TECH

Hookers And Hackers Is The Least Surprising Tech Party Of All Time

The woman who helped plan possibly one of the more sexist Silicon Valley events in recent memory "didn't mean to offend anyone," she told The Huffington Post.

Alexandra Hunter, who works for a San Francisco-based tech incubator called Hacker Hideout, was unapologetic about her company's 'Hackers and Hookers' Halloween party.

Here's the party invite, posted on Eventbrite, that sparked an outcry on Twitter and Valleywag:

hackers and hookers party

Hacker Hideout took to its Facebook page to respond to the online haters: "We would like to start by saying it was not our intention to offend or upset anyone, but it can be hard to please the whole world and the different cultures, values and beliefs that exists."

The Facebook page is no longer available, and Hunter told HuffPost that she has no comment on it.

"We never intended, obviously, to have this type of reaction," said Hunter. "It was really just trying to make a spoof of something that we thought would be funny and we didn't think it would get so much attention." Hunter assured HuffPost that they "were not trying to be 'brogrammers'" -- the company's employees are split fairly evenly male and female, she said.

The Hacker and Hooker party is still happening: "We're standing behind it," Hunter said.

This party comes at a point when discussion of sexism in Silicon Valley seems to be everywhere. There are disproportionately few women in the computer sciences, as this recent New York Times piece points out.

Events like "Hackers and Hookers" likely aren't making women in tech any more comfortable.

Hunter, who said she's been with the company since its September founding, and her co-organizers came up with the Halloween party's theme based on the British tradition of hound and hen parties. "We asked one of the guys what he was going to be and he said, 'I'm gonna be a hooker,'" Hunter told HuffPost. "We thought that was funny, like hackers and hookers."

HuffPost

BEFORE YOU GO

  • 1 Advice To Job Hunting Women
    "Find something you're passionate about and just love. Passion is really gender-neutralizing," Marissa Mayer said on Martha Stewart's "Women with Vision" television series in 2011.
  • 2 The Pie 'Isn't Big Enough'
    "Right now is a great time to be a woman in tech, but there's not enough women in tech," Mayer told a CES2012 panel hosted by CNET. "[I] worry a lot of times the conversation gets really focused on what percentage of the pie is women. And the truth is, the pie isn't big enough. We're not producing enough computer scientist. We're not producing enough product designers. We need a lot more people to keep up with all of these gadgets, all of this technology, all these possibilities." Mayer also commented on the stereotypical culture within the tech world: "There's all kinds of different women who do this. You can wear ruffles, you can be a jock, and you still be a great computer scientist or a great technologist, or a great product designer."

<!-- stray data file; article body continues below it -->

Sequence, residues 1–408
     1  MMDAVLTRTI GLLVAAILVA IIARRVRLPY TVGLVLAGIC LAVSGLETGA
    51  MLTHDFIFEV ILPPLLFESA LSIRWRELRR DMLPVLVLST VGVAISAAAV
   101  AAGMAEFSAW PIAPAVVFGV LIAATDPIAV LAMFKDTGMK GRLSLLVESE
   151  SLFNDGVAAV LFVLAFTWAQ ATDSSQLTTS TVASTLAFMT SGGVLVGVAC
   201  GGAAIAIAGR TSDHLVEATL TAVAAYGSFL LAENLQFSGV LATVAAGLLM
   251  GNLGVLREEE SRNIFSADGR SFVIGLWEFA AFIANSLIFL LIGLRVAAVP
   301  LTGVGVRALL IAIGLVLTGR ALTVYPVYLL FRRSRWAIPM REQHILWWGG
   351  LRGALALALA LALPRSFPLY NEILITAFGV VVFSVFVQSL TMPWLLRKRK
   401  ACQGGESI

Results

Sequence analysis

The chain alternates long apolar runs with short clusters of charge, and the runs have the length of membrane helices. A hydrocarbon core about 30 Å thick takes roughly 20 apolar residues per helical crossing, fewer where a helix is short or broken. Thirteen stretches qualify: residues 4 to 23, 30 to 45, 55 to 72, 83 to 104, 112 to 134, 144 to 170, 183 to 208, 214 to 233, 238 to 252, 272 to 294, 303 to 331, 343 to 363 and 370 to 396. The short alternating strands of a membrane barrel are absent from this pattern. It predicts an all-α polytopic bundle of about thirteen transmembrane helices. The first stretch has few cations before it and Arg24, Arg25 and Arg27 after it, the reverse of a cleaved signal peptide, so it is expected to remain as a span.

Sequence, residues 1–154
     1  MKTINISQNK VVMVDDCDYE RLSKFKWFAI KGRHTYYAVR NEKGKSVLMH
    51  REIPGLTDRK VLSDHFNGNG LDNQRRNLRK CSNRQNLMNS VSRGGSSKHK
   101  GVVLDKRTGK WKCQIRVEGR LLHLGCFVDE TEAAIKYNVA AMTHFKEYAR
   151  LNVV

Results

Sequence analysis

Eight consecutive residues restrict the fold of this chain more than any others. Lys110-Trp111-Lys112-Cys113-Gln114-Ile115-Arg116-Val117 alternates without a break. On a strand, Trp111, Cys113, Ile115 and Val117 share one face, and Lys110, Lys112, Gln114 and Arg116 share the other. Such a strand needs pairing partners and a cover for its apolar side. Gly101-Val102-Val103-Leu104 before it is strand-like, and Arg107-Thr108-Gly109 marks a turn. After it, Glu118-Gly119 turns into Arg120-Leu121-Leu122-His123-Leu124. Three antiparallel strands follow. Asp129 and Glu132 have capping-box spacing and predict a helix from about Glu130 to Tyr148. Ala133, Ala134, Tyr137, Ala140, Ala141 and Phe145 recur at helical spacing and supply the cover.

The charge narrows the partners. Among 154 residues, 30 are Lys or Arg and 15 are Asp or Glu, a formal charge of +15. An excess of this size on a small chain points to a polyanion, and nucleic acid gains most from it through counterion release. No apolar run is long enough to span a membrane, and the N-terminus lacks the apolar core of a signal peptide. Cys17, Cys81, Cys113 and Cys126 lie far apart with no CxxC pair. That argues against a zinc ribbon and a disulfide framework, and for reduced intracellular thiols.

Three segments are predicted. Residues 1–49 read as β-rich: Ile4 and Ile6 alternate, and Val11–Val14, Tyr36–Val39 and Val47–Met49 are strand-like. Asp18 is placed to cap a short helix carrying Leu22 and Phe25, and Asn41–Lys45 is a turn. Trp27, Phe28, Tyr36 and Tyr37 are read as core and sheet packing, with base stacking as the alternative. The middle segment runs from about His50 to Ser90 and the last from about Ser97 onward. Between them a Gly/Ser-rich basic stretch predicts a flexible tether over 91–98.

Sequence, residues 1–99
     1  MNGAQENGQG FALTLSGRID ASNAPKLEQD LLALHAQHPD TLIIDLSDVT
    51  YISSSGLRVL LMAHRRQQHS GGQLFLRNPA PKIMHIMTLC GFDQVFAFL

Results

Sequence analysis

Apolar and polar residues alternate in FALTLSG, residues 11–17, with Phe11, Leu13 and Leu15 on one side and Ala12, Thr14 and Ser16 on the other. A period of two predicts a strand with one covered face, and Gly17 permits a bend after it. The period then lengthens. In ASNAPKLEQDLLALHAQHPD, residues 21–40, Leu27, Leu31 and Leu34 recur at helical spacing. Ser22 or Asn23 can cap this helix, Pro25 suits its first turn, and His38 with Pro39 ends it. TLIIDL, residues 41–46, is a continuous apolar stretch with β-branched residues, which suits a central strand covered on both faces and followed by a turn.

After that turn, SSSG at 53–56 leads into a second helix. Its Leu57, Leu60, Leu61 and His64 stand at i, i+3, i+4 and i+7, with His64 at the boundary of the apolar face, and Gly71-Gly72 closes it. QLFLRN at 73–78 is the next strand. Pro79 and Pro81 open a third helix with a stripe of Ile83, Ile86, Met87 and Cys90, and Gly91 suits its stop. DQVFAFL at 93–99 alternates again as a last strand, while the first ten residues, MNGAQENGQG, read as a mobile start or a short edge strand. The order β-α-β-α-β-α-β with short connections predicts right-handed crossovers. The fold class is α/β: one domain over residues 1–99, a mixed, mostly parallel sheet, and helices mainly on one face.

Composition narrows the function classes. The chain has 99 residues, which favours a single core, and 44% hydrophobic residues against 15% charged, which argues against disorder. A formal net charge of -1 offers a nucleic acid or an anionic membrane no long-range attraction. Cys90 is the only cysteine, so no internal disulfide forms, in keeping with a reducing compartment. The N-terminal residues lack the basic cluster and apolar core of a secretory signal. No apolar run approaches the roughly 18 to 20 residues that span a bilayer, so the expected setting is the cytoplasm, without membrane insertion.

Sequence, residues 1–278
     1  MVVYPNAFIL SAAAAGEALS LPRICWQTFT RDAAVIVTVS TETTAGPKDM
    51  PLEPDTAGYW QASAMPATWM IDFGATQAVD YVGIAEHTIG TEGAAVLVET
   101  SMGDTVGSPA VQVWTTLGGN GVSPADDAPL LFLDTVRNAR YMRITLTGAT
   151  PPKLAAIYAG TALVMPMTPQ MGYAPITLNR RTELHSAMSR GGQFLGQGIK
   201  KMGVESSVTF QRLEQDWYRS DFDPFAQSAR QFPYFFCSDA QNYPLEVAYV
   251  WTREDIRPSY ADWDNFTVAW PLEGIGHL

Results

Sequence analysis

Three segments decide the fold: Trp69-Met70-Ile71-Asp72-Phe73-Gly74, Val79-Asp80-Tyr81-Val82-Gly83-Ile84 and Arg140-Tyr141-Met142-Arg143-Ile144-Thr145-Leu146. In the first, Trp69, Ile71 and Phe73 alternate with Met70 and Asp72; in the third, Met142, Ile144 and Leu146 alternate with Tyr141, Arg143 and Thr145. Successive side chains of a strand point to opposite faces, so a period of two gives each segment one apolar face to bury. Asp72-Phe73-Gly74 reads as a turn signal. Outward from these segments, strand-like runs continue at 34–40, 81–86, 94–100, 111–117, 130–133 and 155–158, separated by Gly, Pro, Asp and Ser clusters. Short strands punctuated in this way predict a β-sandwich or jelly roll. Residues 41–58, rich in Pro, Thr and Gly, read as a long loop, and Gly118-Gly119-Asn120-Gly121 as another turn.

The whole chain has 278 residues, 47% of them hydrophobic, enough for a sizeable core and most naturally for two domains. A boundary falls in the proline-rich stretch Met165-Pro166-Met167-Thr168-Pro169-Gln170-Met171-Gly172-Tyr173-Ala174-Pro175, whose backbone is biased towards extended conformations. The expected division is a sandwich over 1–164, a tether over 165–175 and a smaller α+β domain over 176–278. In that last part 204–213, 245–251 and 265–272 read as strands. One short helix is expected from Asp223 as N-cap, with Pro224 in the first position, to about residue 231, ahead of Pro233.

• 3 Tangible Technology
    "There's just huge growth and opportunity. [T]he fact that the technology is now so tangible in our everyday lives, I think, will inspire a lot more women to go into technology -- and I'm really heartened by that," Mayer said for the MAKERS "Women in Tech" interview series in 2012.
  • 4 Internet Empowered
    "I consider myself incredibly lucky to be present in a moment in time when this wonderful and powerful medium, the internet, is empowering geeks -- and especially female geeks -- to express and pursue their passions," Meyer said in a 2012 acceptance speech at the Celebrating Change gala. She had just won the International Museum of Women's first-ever Innovator Award.
  • 5 Geekin' Out
    "People ask me all the time, 'What is it like to be a woman at Google?' I'm not a women at Google; I'm a geek at Google. And being a geek is just great," she said in an interview for CNN's "Leading Women" series in 2012.
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